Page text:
A previous article discussed how a sale or exchange between related parties may be treated differently under the Internal Revenue Code. As a tax attorney, when I see a transaction or series of transactions between related parties, it always raises a red flag. Hopefully, the article below can provide additional information regarding such sale or exchanges. If you have questions, please contact The McGuire Law Firm to speak with a tax attorney.
The sale or exchange of property between related parties can result in ordinary income, or if there is a loss, the loss is disallowed. If gain is recognized on the sale of property between related parties, the gain is ordinary income, even if the asset was a capital asset.
Depreciable Property Transactions: Gain on sale or exchange of property that is or was depreciable property in the hands of the person who receives it is ordinary income if the transaction if directly or indirectly between the following parties stated below.
– A person and the person’s controlled entity or entities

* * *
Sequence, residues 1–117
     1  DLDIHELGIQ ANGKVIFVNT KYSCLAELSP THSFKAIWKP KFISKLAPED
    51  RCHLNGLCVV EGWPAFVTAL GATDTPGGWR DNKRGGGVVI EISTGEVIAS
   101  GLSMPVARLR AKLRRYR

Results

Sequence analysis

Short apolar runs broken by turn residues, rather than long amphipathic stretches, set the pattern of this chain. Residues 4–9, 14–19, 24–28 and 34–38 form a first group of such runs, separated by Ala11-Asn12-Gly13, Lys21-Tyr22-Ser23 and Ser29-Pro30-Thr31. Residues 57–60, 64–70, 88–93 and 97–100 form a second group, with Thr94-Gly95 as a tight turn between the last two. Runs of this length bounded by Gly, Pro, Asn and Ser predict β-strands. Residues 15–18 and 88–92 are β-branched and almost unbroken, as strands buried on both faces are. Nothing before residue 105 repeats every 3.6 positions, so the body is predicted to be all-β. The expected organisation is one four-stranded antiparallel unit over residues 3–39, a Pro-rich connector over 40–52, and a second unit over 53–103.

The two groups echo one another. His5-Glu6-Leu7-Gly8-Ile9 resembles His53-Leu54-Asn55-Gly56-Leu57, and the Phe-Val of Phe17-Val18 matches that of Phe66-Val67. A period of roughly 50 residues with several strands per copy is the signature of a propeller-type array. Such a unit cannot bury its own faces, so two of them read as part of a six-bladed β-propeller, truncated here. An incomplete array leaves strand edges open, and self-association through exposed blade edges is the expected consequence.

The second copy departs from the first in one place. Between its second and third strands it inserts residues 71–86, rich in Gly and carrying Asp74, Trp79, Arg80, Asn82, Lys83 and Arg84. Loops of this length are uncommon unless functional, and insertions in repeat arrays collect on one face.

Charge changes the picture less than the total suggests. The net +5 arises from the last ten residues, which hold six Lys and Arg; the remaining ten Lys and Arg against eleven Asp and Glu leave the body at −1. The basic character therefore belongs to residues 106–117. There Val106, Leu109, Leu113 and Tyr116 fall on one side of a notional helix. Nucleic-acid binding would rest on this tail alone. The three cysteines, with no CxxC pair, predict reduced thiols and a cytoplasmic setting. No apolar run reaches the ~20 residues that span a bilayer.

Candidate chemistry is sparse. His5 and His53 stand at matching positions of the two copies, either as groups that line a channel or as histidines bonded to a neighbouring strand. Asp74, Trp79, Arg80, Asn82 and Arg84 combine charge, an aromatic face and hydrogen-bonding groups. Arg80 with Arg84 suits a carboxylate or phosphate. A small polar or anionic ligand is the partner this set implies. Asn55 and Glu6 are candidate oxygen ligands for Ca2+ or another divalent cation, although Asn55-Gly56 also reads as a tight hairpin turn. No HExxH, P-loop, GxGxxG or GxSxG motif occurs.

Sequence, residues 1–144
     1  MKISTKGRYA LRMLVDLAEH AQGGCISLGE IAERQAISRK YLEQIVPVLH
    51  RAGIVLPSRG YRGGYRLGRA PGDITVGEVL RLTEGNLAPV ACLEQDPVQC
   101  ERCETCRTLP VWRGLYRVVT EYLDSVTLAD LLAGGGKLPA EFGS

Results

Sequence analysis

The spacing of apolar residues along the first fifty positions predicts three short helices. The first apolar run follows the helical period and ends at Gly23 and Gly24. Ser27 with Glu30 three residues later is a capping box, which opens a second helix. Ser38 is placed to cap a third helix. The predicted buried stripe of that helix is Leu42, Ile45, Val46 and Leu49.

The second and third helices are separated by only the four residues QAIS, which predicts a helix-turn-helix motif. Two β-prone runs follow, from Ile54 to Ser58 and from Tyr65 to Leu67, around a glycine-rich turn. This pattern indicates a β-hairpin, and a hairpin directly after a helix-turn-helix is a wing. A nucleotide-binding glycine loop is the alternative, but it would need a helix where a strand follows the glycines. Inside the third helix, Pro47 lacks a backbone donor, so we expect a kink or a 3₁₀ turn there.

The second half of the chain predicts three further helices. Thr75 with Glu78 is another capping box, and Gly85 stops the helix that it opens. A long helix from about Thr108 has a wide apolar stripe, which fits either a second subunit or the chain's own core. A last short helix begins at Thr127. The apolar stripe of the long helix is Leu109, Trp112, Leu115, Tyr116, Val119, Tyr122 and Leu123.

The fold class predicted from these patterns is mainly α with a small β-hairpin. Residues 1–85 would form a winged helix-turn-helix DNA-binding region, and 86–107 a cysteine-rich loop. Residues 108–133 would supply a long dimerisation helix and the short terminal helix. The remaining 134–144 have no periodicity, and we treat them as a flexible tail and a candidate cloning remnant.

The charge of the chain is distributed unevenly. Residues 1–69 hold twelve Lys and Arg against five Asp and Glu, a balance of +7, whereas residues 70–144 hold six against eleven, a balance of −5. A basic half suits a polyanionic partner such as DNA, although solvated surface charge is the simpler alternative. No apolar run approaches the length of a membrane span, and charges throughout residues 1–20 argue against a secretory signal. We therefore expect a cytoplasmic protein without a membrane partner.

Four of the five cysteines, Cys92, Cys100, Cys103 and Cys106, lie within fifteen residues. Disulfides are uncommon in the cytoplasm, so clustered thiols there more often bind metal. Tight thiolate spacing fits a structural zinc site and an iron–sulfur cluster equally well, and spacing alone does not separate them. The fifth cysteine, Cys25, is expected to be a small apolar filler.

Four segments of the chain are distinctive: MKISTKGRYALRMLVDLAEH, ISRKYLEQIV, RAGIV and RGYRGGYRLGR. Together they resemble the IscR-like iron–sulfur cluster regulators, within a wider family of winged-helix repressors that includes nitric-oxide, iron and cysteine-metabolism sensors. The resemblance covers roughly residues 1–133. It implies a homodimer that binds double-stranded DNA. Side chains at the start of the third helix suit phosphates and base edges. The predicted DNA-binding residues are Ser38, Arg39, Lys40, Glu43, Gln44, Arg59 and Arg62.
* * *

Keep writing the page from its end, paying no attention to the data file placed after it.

– A taxpayer and any trust in which the taxpayer (or the taxpayer’s spouse) is a beneficiary of the trust unless such interest in the trust is as a remote contingent beneficiary. A remote contingent beneficiary would have a computed actuarial interest of about 5% or less of the trust property.
– A beneficiary and the executor of an estate, unless the sale or exchange is in satisfaction of a pecuniary interest. A pecuniary interest is an interest in a specific sum of money. Thus, if a beneficiary specifically inherited $50,000 cash and received a car worth $50,000 the above statement may apply.
– An employer
What is a controlled entity? A person’s controlled entity could be any of the following:
– A Corporation whereby 50% or more of the value of all outstanding stock (or a partnership where 50% or more of the capital interest or profits) is directly or indirectly owned by that person.
– Any entity whose relationship with the applicable person is: A corporation and a partnership if the same person owns more than 50% in the value of the outstanding stock of the corporation or more than 50% of the capital interest or profits in the partnership; two corporations that are members of the same controlled group as stated under IRC Section 1563; two S corporations if 50% or more of the outstanding stock in each S corporation is owned by the same person; and, two corporations whereby one corporation is an S corporation if 50% or more of the value in outstanding stock is owned by the same person.
If you have questions relating to the above matters or other tax & business questions, speak with a tax attorney at The McGuire Law Firm.